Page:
Reflections on the Inclusion aspect of our Equity, Diversity and Inclusion Key Strategy

A Message from Superintendent Greg Baker

Dear students, staff, families and community,

Last week I joined a crowd of nearly a thousand fans in the gym at Bellingham High School to cheer on high school athletes—some in red and black, some in green and gold—at a packed Thursday night basketball game. The next night, across town, players in blue and silver lined up against each other for a Friday night scrimmage at Squalicum … scenes that could happen in gyms across our nation on any given winter evening. These games had a little twist, though, and I wanted to share with you some thoughts about them, and what they represent to me and other district staff and families.

As you may remember, last year we added a sixth key strategy to The Bellingham Promise, to more strongly call out our commitment to equity, diversity and inclusion. Our district and community has spent quite a bit of time engaging with the concepts of both equity and diversity. We have made progress and know we have much more to do.

Inclusion, however, is a less familiar topic, and I am often asked what we mean when we say “inclusion.” After all, aren’t all kids included at school?

A common definition of inclusion is: the practice or policy of providing equal access to opportunities and resources for people who might otherwise be excluded or marginalized, such as those who have physical or mental disabilities and members of other minority groups.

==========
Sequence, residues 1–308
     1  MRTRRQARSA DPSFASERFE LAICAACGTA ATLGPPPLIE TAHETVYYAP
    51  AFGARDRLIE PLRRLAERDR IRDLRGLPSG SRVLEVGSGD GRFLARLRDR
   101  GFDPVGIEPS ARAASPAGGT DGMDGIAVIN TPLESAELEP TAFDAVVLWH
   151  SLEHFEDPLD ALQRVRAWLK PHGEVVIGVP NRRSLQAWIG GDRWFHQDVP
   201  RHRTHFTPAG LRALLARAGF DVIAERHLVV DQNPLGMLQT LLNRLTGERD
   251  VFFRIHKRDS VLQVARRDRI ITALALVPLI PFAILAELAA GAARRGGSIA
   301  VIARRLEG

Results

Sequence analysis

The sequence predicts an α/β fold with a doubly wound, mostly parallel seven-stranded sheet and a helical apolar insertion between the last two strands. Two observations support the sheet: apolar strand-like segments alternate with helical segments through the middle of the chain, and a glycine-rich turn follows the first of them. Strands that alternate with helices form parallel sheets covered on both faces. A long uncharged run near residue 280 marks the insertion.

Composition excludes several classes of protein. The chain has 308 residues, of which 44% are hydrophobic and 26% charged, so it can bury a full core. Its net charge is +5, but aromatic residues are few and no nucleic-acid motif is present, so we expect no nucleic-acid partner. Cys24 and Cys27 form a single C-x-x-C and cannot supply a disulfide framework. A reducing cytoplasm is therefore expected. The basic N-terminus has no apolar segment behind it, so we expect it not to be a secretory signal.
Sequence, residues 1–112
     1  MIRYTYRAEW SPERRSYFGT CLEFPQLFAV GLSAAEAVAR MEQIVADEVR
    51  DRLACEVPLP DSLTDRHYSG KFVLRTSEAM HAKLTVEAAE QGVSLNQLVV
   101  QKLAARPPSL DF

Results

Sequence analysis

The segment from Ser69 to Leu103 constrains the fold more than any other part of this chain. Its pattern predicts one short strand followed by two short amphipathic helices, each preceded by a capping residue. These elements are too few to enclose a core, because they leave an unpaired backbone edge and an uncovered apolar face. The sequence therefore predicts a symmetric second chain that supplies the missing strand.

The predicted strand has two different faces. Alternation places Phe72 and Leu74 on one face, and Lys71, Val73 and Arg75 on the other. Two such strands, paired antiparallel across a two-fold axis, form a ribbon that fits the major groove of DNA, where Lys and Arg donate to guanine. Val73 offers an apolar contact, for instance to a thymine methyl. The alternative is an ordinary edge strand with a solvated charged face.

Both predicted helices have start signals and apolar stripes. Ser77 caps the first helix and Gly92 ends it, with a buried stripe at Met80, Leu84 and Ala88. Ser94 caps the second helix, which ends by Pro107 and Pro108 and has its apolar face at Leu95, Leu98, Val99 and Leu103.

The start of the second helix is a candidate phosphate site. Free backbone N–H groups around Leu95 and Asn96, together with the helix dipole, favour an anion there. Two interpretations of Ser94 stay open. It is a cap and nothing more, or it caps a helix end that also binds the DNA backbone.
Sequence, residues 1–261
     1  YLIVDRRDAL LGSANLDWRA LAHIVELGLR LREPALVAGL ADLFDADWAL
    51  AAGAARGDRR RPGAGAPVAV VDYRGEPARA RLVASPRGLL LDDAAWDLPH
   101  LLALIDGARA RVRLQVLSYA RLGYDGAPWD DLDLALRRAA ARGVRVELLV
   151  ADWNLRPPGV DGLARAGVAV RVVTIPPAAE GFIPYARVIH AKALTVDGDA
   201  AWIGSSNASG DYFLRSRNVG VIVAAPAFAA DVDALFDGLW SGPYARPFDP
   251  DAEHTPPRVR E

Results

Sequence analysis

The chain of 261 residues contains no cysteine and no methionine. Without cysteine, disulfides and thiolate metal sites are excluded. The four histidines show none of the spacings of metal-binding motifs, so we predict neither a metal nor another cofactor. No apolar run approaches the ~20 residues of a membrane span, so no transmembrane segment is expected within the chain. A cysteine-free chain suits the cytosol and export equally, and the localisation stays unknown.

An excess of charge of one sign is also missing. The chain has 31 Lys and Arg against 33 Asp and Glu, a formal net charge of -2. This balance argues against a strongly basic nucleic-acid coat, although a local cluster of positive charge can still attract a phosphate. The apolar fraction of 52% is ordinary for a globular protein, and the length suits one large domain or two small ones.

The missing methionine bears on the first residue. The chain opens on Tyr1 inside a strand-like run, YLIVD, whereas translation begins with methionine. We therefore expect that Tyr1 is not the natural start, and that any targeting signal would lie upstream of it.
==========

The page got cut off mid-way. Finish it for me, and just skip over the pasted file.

In education, we are also governed by a number of federal laws that prioritize inclusion and state that all students have the right to learn in the least restrictive environment possible for them. Over the decades these laws have been in place—just a generation or two—we’ve learned that, generally, it is more effective for students with special needs, in fact all students, to have inclusive experiences for them to be more successful in social and academic interactions, leading to further success in life. This means today’s students are together, they are all included, as often as possible in classrooms and learning experiences in pre-K through high school.

This brings me back to the basketball game. You see, this was a Unified basketball game.

One of the best examples of inclusion in our schools is our Unified Sports program, a partnership with the Special Olympics.  Over the past years, thanks to some amazing staff and phenomenal students, we as a district have expanded these opportunities.  Last week all three of our unified high school basketball teams played, including a big one between Sehome and Bellingham, and gained some attention from our local paper and our student media.

The crowd at the Squalicum Unified game.

The crowd at the BHS and SHS Unified game.

We haven’t achieved this ideal yet. We as a district and a community need to continue pushing ourselves to be more inclusive.  One of the core values of The Bellingham Promise is “together we achieve more than alone.” Inclusive programs like unified sports teach our kids how to be together with lots of kinds of people, and we are continually seeking ways for our students to be unified within their classrooms as well.

Thank you again to our students, coaches, and community for supporting our efforts. Together you help us all achieve more for all of our kids.


Greg Baker